Ruth Bell Planned to Shave Her Head and Tank Her Modeling Career, But It Made Her a Star Instead
Dior muse Ruth Bell wasn’t always the modeling-industry star she is today. Like many models, she struggled in the early years, often cast alongside her identical twin sister May, but rarely booked on her own. At the same time, she tired of her traditionally feminine look, particularly her long blonde hair, and longed for her appearance to match who she was on the inside, a “butch lesbian.”
“I hated my hair,” she told Out Magazine in a recent interview. “It just didn’t feel right. I hated doing it. I hated thinking about it. So I wanted to shave it!” Her agency wasn’t thrilled at the prospect, however, and told her if she went through with the cut she would be dropped. Since modeling wasn’t going well and she had dreams of becoming a pilot for the Air Force anyway, Bell was happy to get out of the game. “[I thought] this is a great way to end my career: Shave your head for the Queen and then fuck off and join the Air Force.”
Bell’s plans for a career in the armed forces went out the window, though, when David Sims put out a call for a model with a shaved head for an Alexander McQueen campaign. Bell’s agency had a change of heart about her desired haircut and set up a salon appointment.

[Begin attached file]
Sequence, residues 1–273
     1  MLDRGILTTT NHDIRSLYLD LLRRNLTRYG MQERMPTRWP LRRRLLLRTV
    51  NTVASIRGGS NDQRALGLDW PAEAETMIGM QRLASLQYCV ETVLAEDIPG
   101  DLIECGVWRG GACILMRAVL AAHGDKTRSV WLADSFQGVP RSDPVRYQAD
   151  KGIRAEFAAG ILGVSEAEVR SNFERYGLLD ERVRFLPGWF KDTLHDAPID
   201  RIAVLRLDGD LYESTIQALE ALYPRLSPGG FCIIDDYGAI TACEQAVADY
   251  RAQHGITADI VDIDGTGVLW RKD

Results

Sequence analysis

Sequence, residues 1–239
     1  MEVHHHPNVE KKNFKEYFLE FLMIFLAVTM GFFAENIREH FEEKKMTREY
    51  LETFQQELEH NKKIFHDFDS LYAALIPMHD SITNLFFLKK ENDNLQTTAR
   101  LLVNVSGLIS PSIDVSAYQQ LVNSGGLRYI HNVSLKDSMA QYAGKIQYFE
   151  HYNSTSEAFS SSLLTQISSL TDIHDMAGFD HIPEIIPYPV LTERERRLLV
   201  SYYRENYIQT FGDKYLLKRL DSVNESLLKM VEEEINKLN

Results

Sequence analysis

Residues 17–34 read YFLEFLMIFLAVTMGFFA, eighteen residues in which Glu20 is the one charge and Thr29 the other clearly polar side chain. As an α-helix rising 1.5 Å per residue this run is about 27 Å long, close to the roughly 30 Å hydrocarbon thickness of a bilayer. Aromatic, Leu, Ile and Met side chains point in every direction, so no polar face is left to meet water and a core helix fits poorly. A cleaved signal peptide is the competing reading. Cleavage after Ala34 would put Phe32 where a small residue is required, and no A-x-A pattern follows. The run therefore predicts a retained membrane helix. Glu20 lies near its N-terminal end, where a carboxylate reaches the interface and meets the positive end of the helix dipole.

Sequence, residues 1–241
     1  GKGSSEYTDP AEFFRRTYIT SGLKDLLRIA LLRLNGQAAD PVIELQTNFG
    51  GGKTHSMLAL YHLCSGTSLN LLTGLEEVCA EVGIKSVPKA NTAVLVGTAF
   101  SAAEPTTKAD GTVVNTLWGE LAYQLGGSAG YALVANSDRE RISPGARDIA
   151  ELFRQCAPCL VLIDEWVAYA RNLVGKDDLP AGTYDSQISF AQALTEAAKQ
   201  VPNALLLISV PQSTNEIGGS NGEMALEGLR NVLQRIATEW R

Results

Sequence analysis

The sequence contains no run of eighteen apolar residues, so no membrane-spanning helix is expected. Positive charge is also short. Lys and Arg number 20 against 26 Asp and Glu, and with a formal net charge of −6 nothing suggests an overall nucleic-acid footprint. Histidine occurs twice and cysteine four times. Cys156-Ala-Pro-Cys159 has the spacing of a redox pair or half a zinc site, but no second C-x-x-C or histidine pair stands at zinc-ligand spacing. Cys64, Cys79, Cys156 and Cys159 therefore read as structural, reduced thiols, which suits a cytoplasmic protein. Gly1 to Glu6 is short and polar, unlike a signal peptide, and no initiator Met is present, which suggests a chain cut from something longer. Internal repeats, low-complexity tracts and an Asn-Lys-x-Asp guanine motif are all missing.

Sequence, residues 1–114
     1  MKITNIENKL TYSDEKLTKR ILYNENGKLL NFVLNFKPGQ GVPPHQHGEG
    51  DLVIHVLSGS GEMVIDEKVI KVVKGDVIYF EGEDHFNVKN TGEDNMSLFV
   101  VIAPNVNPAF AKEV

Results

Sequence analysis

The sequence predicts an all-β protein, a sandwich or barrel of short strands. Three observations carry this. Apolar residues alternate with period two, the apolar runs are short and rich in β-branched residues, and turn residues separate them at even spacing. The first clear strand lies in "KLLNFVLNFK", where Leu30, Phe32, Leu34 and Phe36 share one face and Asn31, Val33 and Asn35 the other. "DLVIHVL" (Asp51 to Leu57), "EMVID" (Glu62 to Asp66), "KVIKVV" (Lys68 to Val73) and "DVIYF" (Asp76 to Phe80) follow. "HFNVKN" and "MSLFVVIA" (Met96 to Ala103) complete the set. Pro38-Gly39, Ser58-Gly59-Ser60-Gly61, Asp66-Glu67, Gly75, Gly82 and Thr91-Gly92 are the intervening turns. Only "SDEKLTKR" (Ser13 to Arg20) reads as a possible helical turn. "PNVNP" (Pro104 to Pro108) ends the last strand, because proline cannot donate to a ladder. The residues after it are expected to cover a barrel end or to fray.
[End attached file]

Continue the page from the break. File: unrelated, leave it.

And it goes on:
The McQueen campaign was a turning point in Bell’s career, but it didn’t protect her from the modeling industry’s dark side. In the interview with Out, she recalled an incident in which a casting director for a “huge French brand” made her disrobe in front of a room of other models before telling her that she was too big to fit into the clothes and dismissing her. This, despite the fact that Bell, who is 5’9″ tall, is only 112 pounds. “This industry fucks with you so hard,” she said, pointing out that the casting director’s behavior was not only cruel and upsetting for her, but for the other models in the room as well.
Although Bell’s relationship with the modeling industry has changed since that particular incident, especially since meeting Dior’s Maria Grazia Chiuri and raising her profile, she says the industry as a whole still has a long way to go. “I think there are things that need to change, for sure,” she said, “and if I keep going the way I am, it’ll change soon enough.”